Standard intermittent haemodialysis (IHD) has significant shortcomings in the treatment of the acute renal failure (ARF) in critical illness. These shortcomings relate to haemodynamic instability, the need to remove excess fluid over a short period of time, the episodic nature of small solute control, the limited ability to achieve middle molecular weight solute control and the episodic nature of acid-base control. These shortcomings have stimulated the evolution and increased application of continuous renal replacement therapy (CRRT). CRRT provides major biochemical, biological and physiological advantages over IHD, although it remains unclear whether such advantages translate into clinically important benefits. CRRT, however, is technically demanding, requires supervision 24 hours/day and is often associated with the need for continuous anticoagulation, which, in some patients might be undesirable. In some institutions, CRRT changes the nurse-to-patient ratio from 1:2 to 1:1, an alteration which has major cost implications and which might affect resource availability for other patients. Accordingly, techniques that straddle IHD and CRRT may offer 'best value' in the management of ARF in ICU. Growing information is now being obtained on the efficacy of these so-called 'hybrid techniques' in the ICU. This paper focuses on the practical issues surrounding use of sustained low-efficiency dialysis (SLED).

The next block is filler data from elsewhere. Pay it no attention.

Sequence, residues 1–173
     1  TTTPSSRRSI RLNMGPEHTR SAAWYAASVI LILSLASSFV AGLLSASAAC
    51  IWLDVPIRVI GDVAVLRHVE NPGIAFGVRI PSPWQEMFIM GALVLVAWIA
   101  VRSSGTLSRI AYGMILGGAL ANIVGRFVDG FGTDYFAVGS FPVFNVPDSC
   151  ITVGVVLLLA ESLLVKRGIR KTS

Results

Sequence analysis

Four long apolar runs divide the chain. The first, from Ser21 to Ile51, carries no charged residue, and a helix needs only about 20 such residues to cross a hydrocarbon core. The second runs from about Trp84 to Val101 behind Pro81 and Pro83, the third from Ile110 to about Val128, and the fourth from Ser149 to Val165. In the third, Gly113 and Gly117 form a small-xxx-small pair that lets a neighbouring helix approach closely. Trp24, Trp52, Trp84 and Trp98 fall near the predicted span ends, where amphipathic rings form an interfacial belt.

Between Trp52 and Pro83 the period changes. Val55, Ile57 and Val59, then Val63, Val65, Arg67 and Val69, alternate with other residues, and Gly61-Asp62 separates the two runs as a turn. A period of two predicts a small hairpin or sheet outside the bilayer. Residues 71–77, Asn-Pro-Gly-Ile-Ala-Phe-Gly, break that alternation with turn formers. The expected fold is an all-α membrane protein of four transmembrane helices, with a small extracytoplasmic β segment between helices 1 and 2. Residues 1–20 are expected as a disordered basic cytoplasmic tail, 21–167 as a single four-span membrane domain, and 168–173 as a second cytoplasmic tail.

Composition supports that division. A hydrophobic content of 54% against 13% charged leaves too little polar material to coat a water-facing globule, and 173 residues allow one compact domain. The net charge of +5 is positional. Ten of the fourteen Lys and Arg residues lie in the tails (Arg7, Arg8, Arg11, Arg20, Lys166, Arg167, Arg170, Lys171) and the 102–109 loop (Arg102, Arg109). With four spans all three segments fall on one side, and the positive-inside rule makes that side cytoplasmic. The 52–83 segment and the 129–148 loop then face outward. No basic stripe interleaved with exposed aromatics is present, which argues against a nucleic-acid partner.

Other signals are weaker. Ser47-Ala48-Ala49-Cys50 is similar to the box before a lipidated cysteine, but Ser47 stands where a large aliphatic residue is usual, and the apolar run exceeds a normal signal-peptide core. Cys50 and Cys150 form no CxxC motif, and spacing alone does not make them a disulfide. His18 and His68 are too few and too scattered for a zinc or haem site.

|Number of pages||11|
|Journal||International Journal of Intensive Care|
|Publication status||Published - 1 Dec 2002|